Password Tips For More Secure Banking, Social Media

It seems like recently all I’ve done is advised people to change their passwords.  Friends have had their Messenger hacked, other friends are sending out spam emails.  Here’s the official Geek For Hire word on the subject:  You Can’t Change Your Passwords Too Frequently!  So, the big question is – how do you pick a good password?   We have several tips to follow here.

Whatever you do, don’t use any of these passwords!Common Password ListFirst, don’t make the password too easy to guess.  We like the recommendations in this Lifewire article.  Their first step is to pick a favorite phrase and turn it into an acronym.  Here are some examples from their article:

  • “You know nothing, Jon Snow: yknjs
  • Can’t See the Forest Through the Trees:  cstfttt
  • If the Shoe Fits, Wear It:  itsfwi
  • The Last Mile Is Always Uphill: tlmiau
  • Honey Badger Doesn’t Care: hbdc

Passwords should be AT LEAST eight (8) characters long and those are all to short.  You could use something like:

“The Quick brown fox jumped over the lazy dog” or tqbfjotld which is nine characters.

The next tip is use letters, numbers, and special characters.  A study done a few years ago estimated that a password with six alphanumeric characters would take a computer 103 years to crack.  Eight characters, including special characters like “@”, “%”, and “#”, would make it that much harder, and take much longer, to crack.

My recommendation for a good password?

Take a favorite phrase and turn it into an acronym:

“So long, and thanks for all the fish”  =  “slatfatf”

Then, add a capital letter, a number, and a special character so that

“slatfatf” becomes “S1@tFatf”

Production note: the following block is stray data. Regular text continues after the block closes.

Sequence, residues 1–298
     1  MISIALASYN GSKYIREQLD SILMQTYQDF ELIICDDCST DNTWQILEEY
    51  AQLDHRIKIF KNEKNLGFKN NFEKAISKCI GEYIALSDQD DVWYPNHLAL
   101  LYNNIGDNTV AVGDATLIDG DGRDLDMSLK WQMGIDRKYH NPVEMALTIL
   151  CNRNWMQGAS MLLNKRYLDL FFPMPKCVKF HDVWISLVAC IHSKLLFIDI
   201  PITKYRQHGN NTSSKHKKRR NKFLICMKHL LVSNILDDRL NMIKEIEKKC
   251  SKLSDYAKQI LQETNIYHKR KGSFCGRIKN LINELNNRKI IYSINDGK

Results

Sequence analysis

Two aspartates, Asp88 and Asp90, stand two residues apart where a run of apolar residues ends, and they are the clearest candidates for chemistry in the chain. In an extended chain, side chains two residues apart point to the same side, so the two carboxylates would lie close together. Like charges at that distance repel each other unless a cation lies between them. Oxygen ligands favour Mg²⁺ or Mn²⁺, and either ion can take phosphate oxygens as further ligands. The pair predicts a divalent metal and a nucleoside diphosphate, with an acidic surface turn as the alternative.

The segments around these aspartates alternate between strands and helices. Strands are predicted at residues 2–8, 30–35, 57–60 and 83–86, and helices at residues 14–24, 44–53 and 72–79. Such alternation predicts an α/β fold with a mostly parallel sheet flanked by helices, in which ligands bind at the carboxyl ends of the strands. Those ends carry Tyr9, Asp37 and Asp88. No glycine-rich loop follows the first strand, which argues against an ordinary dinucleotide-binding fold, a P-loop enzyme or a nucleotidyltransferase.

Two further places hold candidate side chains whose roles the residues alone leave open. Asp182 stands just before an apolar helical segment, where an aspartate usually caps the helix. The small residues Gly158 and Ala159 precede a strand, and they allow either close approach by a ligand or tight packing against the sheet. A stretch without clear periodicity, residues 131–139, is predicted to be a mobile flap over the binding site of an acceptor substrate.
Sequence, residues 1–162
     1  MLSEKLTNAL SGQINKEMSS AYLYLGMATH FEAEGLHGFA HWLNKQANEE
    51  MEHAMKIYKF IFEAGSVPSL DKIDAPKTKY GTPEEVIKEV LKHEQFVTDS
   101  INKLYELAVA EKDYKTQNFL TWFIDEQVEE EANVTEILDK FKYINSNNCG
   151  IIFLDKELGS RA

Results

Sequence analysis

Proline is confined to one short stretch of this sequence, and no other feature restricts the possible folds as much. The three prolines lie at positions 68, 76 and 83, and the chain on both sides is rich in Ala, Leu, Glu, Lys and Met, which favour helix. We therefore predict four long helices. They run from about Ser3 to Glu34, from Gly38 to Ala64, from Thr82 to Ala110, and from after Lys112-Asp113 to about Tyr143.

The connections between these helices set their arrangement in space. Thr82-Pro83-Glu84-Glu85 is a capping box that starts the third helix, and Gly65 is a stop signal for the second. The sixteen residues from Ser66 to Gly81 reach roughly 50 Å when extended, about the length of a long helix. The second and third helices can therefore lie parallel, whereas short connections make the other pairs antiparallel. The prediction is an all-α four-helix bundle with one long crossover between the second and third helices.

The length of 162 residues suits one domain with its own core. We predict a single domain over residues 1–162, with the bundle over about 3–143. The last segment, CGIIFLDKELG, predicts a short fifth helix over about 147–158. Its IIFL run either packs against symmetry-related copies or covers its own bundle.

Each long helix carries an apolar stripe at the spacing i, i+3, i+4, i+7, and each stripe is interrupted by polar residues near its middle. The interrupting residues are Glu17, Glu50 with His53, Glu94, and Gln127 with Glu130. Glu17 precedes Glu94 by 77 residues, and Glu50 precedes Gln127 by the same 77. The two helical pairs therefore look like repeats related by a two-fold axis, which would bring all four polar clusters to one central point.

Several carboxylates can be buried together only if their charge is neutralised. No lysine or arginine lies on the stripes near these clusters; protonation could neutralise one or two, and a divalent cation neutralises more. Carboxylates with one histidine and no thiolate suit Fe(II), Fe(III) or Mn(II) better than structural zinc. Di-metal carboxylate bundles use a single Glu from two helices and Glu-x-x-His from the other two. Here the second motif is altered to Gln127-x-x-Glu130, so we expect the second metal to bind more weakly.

Longer is always better.  If the website allows you to use more than eight characters, please do!

You could then add “Hitchhikers Guide To The Galaxy” or hgttg” to the end (or beginning) of “slatfatf”.  Your password could then become “S1@tFatf*hGttG”

Play with different passwords that will work for you and keep them in a password protected document on your computer or in the “cloud”.  Another trick I use is to type the new password into my (password protected) document, then I’ll copy and paste it into the password field of the website I am accessing.  That way I’ll be sure not to have any typos.

One final word from David Balaban, computer security expert, as quoted in Business.com:

It is recommended to use the longest possible passwords that online services allow and leverage a reputable password management solution to store them. Furthermore, you should safeguard the vault with a master passphrase that’s about 30 characters long. Make sure it’s not a quote from a novel or anything that can be found on the internet. Importantly, all of your passwords should be generated randomly and make little sense, or no sense at all. If you can remember it and tell it to someone, it’s not a good password.”

 

Chris Eddy of Geek For Hire, Inc. has been providing computer service to families and small businesses with Mac’s and PC’s for the past fifteen years. His company is highly rated by both the BBB (Better Business Bureau) and by Angie’s List. You can find more on our website, or give us a call 303-618-0154. Geek For Hire, Inc. provides onsite service (Tier 3) to the Denver / Boulder / Front Range area as well as remote service throughout North America.

We’ve been using Amazon Prime for the past few years.  We like the free 2-3 day shipping and the online streaming. I haven’t tried the Kindle lending library yet.  I’ll try that next!   Prime is normally $99/year, but you can try it for 30 day for free by clicking on this link: Try Amazon Prime 30-Day Free Trial (Yes, we’ll get a small commission if you check it out.)

Please follow and like us:
error

Leave a Reply

Your email address will not be published. Required fields are marked *